Phillipian Commentary: Sharing the Hype

“Wow, she’s really gorgeous.” My friend commented as she scrolled aimlessly through her TikTok ‘For You’ page. She paused on a video of verified creator Charli D’Amelio performing a now-viral dance to the song “Say So” by Doja Cat[b]. With 3.7 million likes, the video depicts D’Amelio on her balcony dressed in a white crop top and straight-leg jeans, moving her arms and hips in sync to the beat of the song.

Over the past four months, D’Amelio has amassed over 17 million followers on TikTok, a video-sharing social media platform first popularized in September 2018.[c][d] Her rapid rise to internet stardom, characterized by viral videos of her dancing and lip-syncing to songs, resulted in the creation of a new term, “the hype.” In the world of TikTok, the hype first began when viewers started duetting D’Amelio’s videos, performing similar dances, or simply commenting on how attractive she is. In one video from October 2019, a group of teenage boys just stare at a phone screen, mesmerized by a video of D’Amelio dancing. That video alone garnered over 40,000 likes.[e]

At the time, I just didn’t understand the point of the hype. “Charli’s really pretty, and she’s a great dancer, but there’s nothing that special or unique about her,” I responded. However, the more time I spent on TikTok that night, the more I realized that the hype was not as complicated as I had originally imagined. To me, the hype became simply a reflection of the underlying materialistic and superficial values of the TikTok community as a whole.

Comparing Charli D’Amelio to other girls who have received the TikTok hype, I have noticed striking similarities between their physical appearances and wider societal notions of the “ideal teenage girl” according to Western beauty standards. Both D’Amelio and viral creator Alex French are skinny, white, tall, and have clear skin and perfectly straight, white teeth. In a video created by the members of the Hype House, a group of nineteen “hyped” creators that include D’Amelio and her sister, not only is every single person in the video white, they also all have very similar body types and even hair color.[f] Unsettled by the lack of diversity, one user commented, “They really just prove that only white people get the hype.”[g]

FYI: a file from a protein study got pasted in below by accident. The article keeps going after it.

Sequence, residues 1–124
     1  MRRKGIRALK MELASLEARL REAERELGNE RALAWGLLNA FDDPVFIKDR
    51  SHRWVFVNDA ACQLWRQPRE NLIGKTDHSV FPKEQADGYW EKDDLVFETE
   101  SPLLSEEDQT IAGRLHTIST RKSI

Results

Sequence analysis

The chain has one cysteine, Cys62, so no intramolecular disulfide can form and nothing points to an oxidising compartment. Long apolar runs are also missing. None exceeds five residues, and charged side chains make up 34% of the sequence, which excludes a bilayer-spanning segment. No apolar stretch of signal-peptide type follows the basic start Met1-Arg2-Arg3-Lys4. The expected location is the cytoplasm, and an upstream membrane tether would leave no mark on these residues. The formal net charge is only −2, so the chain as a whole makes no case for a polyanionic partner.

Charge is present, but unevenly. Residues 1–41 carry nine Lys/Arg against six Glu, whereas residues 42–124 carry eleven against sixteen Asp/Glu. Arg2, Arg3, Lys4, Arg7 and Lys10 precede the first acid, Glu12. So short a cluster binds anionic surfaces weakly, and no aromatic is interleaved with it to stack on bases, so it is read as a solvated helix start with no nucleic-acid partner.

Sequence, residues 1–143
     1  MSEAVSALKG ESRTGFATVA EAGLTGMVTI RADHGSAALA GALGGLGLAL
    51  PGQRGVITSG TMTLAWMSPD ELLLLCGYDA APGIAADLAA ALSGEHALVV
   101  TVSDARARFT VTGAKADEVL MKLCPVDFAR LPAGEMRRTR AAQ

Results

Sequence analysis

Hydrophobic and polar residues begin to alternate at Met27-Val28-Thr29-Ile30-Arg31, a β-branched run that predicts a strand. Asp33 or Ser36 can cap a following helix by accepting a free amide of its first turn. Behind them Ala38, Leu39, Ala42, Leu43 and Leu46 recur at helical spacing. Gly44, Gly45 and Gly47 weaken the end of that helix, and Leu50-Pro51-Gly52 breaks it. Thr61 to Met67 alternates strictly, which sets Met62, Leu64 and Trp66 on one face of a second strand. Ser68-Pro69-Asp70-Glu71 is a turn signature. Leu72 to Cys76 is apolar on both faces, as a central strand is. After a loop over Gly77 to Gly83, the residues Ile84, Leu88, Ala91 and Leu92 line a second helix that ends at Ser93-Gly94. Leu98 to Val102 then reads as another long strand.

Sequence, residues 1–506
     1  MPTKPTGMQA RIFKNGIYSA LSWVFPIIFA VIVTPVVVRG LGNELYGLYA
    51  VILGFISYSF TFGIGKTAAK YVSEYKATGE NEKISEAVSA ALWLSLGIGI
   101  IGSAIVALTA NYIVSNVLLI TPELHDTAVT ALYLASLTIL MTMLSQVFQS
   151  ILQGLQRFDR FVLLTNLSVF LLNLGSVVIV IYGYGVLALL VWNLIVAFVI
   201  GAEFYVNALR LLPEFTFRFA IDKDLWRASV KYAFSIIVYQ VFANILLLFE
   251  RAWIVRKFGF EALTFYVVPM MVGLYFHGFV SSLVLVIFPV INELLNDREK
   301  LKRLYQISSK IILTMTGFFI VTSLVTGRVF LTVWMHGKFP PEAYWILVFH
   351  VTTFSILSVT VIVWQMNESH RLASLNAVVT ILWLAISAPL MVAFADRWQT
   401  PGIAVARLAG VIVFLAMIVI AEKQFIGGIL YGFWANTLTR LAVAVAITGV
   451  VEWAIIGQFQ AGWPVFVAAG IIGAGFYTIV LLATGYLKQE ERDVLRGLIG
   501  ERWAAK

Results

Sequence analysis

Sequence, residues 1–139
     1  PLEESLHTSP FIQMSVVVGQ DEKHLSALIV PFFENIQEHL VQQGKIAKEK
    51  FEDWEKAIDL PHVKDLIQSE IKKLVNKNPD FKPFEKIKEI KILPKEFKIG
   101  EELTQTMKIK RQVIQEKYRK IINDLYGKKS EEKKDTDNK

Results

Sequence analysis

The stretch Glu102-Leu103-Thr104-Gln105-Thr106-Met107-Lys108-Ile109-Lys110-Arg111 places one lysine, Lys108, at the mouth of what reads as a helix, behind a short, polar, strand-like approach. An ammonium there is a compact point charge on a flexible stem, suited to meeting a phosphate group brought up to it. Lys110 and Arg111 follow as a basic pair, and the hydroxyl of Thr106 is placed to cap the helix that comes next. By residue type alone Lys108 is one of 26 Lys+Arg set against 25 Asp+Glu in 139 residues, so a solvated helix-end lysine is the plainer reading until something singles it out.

Groups like the Hype House demonstrate that the people we choose to idolize in a community like TikTok reflect the values that many people feel are central to that community. Although many users on TikTok were upset or disturbed by the whiteness of the Hype House, nobody seemed to be considering its broader implications on the TikTok community as a whole. While a large portion of TikTok is made up of silly videos made by absolutely normal people who have great senses of humor, the people we choose to ‘hype’ do not necessarily reflect that, instead reflecting an unhealthy obsession over people who all look and act a certain way.

As TikTok continues to take up a lot of my time, I challenged myself to think more broadly about how the idea of hype relates to other communities in my life, as well as teenagers as a whole. Through this lens, I have noticed that we tend to ‘hype’ the same types of people over and over again. TikTok is just one example of this. On TikTok, we look up to the fifteen-year-old with a skinny waist and straight blonde hair, the rich girl with a seemingly endless closet and the latest shoes, the boy who is really really good at sports, and the teenager with perfect skin and a seemingly perfect group of friends. For those of us who reside outside of these “desirable” categories, the hype prompts us to compare facets of our identities to those we idolize. This creates an unhealthy environment which only seems to exacerbate the broad superficial values of the TikTok community altogether.

It can be easy to get wrapped up in our individual pursuits for the hype. In doing so, we run the risk of ignoring our own smaller accomplishments and the achievements of those around us. Both on TikTok and in real life, we can spread positive hype by giving each other compliments and words of encouragement. Paying attention to the smaller details, such as your friend’s cute outfit or the perfect goal your teammate scored at practice, gives us the opportunity to spread the hype to one another, or even ourselves. By intentionally diversifying the types of behaviors and people that we hype, we can help create more supportive and inclusive communities in all areas of our lives.